14. The method of claim 12, wherein said catalyst comprises at least one of the set consisting of nickel, iron and cobalt.
15. The method of claim 12, wherein said catalyst is fragmented by dilution of a catalytic metal with a non-catalytic metal.
16. The method of claim 12, wherein said catalyst is fragmented by crystallization to form lumps of catalytic material.
17. The method of claim 12, wherein each said conductive via is formed within a respective cavity in said dielectric layer, said plurality of carbon nanotubes and electrically conductive metal substantially filling said cavity.
18. The method of claim 12, wherein said step of filling at least a portion of the volume of said voids with a conductive metal is performed simultaneously with filling a plurality of trenches for conductors in said second chip layer with said conductive metal.
Description
CROSS REFERENCE TO RELATED APPLICATION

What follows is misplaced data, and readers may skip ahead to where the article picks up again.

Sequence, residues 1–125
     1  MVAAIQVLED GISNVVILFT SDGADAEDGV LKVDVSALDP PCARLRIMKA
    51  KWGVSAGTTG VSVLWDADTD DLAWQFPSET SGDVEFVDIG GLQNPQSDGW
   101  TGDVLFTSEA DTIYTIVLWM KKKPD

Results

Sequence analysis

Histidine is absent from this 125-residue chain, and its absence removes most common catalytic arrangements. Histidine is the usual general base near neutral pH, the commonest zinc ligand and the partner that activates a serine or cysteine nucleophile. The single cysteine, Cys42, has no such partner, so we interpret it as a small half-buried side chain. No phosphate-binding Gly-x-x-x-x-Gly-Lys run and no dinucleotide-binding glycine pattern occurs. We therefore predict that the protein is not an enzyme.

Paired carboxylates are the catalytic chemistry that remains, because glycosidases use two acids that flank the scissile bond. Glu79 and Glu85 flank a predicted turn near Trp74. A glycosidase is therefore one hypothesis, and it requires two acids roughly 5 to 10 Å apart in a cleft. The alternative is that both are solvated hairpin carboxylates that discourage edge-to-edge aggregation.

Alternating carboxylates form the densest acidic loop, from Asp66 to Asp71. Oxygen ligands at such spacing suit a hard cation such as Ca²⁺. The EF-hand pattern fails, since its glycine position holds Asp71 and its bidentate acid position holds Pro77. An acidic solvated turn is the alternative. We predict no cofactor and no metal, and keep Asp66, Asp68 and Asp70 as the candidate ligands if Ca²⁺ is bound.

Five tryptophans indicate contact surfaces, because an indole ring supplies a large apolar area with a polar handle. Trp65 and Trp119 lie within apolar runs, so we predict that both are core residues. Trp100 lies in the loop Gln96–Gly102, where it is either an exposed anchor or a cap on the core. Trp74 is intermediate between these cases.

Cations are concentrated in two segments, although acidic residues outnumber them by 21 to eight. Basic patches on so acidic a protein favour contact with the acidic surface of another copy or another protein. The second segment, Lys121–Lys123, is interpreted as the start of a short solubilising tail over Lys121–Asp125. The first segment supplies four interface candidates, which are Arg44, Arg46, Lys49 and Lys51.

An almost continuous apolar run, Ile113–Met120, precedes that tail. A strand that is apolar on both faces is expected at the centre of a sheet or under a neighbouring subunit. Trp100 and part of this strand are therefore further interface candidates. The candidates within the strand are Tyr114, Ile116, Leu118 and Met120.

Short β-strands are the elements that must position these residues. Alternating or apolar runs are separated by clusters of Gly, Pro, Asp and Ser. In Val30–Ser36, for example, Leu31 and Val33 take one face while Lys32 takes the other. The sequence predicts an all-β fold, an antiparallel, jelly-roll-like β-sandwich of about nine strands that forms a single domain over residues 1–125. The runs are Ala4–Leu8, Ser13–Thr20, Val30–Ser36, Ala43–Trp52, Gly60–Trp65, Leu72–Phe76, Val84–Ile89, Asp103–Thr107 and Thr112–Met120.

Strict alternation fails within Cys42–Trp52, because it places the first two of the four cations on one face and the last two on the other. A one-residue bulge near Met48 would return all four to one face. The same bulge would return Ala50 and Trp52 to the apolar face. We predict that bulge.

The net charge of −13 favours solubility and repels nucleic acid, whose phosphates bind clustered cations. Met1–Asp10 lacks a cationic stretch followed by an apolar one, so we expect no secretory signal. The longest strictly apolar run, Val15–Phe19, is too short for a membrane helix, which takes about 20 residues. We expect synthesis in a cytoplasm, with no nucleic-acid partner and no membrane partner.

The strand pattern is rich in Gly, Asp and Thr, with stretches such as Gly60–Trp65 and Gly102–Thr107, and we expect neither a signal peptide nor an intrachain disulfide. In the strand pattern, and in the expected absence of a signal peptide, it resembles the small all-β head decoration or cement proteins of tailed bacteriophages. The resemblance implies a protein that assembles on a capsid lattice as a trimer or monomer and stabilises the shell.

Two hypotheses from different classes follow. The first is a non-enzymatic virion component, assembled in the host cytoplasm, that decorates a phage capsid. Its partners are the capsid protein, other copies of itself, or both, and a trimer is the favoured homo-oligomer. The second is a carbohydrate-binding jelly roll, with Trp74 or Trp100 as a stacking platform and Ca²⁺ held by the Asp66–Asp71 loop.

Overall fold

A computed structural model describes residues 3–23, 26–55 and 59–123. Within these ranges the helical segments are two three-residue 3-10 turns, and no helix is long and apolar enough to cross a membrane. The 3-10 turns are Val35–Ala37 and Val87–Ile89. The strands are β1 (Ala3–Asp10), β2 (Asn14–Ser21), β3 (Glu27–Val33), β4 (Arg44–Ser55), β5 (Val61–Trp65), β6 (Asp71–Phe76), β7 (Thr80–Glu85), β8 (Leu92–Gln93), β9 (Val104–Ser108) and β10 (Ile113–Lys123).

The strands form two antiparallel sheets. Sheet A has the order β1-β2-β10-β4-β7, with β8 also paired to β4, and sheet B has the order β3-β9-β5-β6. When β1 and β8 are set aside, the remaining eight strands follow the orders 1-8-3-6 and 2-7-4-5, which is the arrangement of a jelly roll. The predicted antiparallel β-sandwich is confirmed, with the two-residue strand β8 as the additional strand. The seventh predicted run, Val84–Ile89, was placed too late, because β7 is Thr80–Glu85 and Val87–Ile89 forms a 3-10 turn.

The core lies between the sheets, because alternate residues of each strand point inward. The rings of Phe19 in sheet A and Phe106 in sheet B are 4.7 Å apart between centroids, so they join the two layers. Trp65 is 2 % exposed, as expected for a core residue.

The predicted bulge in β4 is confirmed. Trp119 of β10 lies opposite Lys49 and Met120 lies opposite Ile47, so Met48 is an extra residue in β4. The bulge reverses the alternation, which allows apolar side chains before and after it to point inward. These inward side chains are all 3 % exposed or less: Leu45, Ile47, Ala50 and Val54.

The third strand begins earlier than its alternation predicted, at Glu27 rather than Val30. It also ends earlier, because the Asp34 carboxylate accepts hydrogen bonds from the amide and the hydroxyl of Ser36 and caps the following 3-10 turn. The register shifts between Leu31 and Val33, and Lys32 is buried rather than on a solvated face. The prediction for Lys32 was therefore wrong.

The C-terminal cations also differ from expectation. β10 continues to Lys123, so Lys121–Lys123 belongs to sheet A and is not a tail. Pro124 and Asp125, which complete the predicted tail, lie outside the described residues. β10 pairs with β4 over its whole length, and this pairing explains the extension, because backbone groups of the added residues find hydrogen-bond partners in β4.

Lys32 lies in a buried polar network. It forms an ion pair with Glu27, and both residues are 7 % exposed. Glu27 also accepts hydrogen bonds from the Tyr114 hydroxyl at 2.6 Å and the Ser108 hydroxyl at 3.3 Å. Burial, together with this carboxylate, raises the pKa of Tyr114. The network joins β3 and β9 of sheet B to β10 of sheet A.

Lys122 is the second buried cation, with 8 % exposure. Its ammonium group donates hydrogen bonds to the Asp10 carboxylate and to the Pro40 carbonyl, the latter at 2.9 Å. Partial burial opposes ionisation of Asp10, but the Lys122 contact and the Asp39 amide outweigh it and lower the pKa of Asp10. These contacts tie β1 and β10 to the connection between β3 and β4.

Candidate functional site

This is a divisional application of U.S. Patent Application Ser. No. 10/787,640, filed Feb. 26, 2004, entitled “INTEGRATED CIRCUIT CHIP UTILIZING CARBON NANOTUBE COMPOSITE INTERCONNECTION VIAS”, which is herein incorporated by reference.

FIELD OF THE INVENTION

The present invention relates to digital data processing, and in particular to the design integrated circuit chips used as components of digital data systems.

BACKGROUND OF THE INVENTION

In the latter half of the twentieth century, there began a phenomenon known as the information revolution. While the information revolution is a historical development broader in scope than any one event or machine, no single device has come to represent the information revolution more than the digital electronic computer. The development of computer systems has surely been a revolution. Each year, computer systems become faster, store more data, and provide more applications to their users.